Fewer lead-out trains and smaller teams — how the sprinters became more versatile

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Arnaud Démare — Fewer lead-out trains and smaller teams — how the sprinters became more versatile - GETTY IMAGESArnaud Démare — Fewer lead-out trains and smaller teams — how the sprinters became more versatile - GETTY IMAGES
Arnaud Démare — Fewer lead-out trains and smaller teams — how the sprinters became more versatile – GETTY IMAGES
<p class="canvas-atom canvas-text Mb(1.0em) Mb(0)–sm Mt(0.8em)–sm" type="text" content="Of the three stages expected to be won by sprinters at this year's Giro d'Italia, Arnaud Démare has won all of them. Following his photo-finish victory on Tuesday, Thursday and Friday’s wins looked easy for Démare.” data-reactid=”17″>Of the three stages expected to be won by sprinters at this year’s Giro d’Italia, Arnaud Démare has won all of them. Following his photo-finish victory on Tuesday, Thursday and Friday’s wins looked easy for Démare.

<p class="canvas-atom canvas-text Mb(1.0em) Mb(0)–sm Mt(0.8em)–sm" type="text" content="In the immediate aftermath of Démare’s latest win, a colleague asked: "Would I be wrong to suggest that the quality of sprinting is not very high right now?" It was a fair question, and one I will attempt to address.” data-reactid=”18″>In the immediate aftermath of Démare’s latest win, a colleague asked: “Would I be wrong to suggest that the quality of sprinting is not very high right now?” It was a fair question, and one I will attempt to address.

Rather than dismissing the current crop of sprinters as being poor imitations of those that came before, I would argue that those in the present simply have more varied skill sets.

Gone are the days of sprinters like Mario Cipollini or Mark Cavendish, both riders that, broadly, relied on strong lead-out trains. Whether it was ‘The Red Train’ of Saeco or the almost unstoppable HTC-High Road, when two of the best-drilled units were lined out in formation, it felt as if anything less than a stage win would result in an existential meltdown for not only the riders within the respective teams, but for viewers too.

Following the successes of Saeco and HTC-High Road, the sight of lead-out trains in the peloton became commonplace. Without one it was widely thought you could not win a sprint stage, until everybody had one but was unsure how to best deploy it. In the last few years, however, the full-on lead-out is less common.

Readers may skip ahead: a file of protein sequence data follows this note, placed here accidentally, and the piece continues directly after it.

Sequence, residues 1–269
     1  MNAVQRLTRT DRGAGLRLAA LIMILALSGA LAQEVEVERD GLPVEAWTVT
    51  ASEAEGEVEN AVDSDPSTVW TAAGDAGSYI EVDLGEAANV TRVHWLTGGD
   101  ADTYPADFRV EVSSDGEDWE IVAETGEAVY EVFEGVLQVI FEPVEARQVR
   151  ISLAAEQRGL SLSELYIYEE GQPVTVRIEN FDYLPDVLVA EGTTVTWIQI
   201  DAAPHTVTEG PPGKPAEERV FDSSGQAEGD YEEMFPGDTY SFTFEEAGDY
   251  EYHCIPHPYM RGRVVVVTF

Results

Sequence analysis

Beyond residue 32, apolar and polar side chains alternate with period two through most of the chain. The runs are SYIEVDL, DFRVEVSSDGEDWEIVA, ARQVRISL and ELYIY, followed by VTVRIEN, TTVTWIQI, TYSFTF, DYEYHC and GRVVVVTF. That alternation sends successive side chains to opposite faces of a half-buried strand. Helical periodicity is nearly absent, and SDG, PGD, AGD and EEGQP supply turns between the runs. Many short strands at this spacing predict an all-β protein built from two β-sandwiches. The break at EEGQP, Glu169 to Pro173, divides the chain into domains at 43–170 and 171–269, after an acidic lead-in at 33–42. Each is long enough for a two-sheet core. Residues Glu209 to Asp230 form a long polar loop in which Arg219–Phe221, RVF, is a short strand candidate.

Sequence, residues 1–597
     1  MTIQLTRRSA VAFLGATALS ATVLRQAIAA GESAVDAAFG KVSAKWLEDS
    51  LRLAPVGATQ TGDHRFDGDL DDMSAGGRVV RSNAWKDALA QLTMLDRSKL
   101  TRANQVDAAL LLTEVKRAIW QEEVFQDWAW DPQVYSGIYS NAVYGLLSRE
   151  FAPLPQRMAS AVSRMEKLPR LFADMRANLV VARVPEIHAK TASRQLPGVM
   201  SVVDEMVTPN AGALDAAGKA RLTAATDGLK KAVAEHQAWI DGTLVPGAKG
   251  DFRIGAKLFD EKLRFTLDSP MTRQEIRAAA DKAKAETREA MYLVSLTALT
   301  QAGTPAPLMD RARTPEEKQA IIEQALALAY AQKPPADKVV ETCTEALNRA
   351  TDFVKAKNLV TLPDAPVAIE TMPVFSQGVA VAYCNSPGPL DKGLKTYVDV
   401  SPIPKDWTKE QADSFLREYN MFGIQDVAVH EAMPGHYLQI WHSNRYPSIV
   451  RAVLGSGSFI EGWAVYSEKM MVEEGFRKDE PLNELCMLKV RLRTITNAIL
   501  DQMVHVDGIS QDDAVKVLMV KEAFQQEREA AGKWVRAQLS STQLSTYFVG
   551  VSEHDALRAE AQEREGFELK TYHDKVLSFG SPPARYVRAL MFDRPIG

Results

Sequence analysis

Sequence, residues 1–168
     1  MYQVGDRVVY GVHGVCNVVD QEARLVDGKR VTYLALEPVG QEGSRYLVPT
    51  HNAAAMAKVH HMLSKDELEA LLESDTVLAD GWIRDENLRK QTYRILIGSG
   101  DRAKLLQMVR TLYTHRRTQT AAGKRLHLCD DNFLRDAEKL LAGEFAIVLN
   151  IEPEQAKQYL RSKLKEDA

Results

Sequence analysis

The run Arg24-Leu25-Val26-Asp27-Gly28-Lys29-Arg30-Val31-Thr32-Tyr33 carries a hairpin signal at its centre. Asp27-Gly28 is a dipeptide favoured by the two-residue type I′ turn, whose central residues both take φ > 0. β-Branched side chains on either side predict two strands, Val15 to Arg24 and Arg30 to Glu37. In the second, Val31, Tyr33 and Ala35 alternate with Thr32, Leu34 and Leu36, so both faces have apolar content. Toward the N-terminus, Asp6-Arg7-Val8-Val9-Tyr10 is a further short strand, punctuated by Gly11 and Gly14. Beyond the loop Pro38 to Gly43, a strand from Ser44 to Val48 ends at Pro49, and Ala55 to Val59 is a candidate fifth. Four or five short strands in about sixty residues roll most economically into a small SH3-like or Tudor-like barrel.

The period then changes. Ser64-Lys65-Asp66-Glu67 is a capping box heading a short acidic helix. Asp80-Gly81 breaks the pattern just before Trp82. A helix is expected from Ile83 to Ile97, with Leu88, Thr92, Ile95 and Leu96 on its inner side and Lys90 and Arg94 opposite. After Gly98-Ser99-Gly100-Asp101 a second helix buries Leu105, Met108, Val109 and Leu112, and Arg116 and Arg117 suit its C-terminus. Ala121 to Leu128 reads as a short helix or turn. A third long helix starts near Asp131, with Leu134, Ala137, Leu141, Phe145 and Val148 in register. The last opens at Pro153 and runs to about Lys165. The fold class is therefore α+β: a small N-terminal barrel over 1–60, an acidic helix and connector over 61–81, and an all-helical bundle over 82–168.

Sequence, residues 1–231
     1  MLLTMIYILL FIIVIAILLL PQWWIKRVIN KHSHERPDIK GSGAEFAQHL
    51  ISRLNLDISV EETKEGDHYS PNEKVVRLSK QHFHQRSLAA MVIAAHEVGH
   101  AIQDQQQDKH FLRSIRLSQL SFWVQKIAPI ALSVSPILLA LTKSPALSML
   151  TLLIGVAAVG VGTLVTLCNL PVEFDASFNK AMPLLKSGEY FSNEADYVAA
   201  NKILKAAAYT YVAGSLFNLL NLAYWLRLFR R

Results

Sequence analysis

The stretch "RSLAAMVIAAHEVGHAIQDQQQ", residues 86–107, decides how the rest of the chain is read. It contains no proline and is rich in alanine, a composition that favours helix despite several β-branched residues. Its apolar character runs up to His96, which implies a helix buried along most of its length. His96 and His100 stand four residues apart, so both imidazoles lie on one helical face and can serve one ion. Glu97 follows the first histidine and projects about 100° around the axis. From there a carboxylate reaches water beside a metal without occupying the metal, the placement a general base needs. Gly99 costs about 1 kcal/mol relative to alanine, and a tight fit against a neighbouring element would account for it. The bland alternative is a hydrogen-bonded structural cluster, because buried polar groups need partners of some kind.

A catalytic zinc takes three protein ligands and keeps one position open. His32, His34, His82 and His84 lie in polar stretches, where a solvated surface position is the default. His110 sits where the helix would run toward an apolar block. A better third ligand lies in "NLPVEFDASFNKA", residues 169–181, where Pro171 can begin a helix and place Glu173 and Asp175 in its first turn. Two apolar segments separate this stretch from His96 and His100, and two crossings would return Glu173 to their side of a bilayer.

At last month’s Tour de France only Sunweb and Deceuninck-Quick Step really adopted lead-outs for their sprinters Cees Bol and Sam Bennett. The outcome? The princely total of two stage wins, both for Bennett who also took home the green jersey as winner of the points classification.

The remainder of the sprints at the Tour were almost entirely won by a rider who was riding freelance to the finish, in other words without a posse of team-mates to deliver him to the final 150 metres.

<p class="canvas-atom canvas-text Mb(1.0em) Mb(0)–sm Mt(0.8em)–sm" type="text" content="Since the introduction of seven and eight-man teams — the latter in grand tours&nbsp;— squads can ill afford to send a dedicated squad of riders to protect their sprinter. Instead, he may get one pure lead-out rider, someone in the mould of Michael Morkov at Deceuninck-Quick Step or Maximiliano Richeze at UAE Team Emirates,&nbsp;plus a couple of versatile rouleurs.” data-reactid=”30″>Since the introduction of seven and eight-man teams — the latter in grand tours — squads can ill afford to send a dedicated squad of riders to protect their sprinter. Instead, he may get one pure lead-out rider, someone in the mould of Michael Morkov at Deceuninck-Quick Step or Maximiliano Richeze at UAE Team Emirates, plus a couple of versatile rouleurs.

In the absence of a dominant alpha sprinter, the field has been levelled. The modern-day sprinter needs to be versatile and able to bounce off the wheels, take care of himself when isolated and the wins where he can.

The quality of sprinting is no poorer now than in years gone by, it is just different. There is a school of thought that believes the modern-day sprinters are technically better, of that I’m not too sure. One thing I do know, however, is  that they are a whole lot more interesting to watch.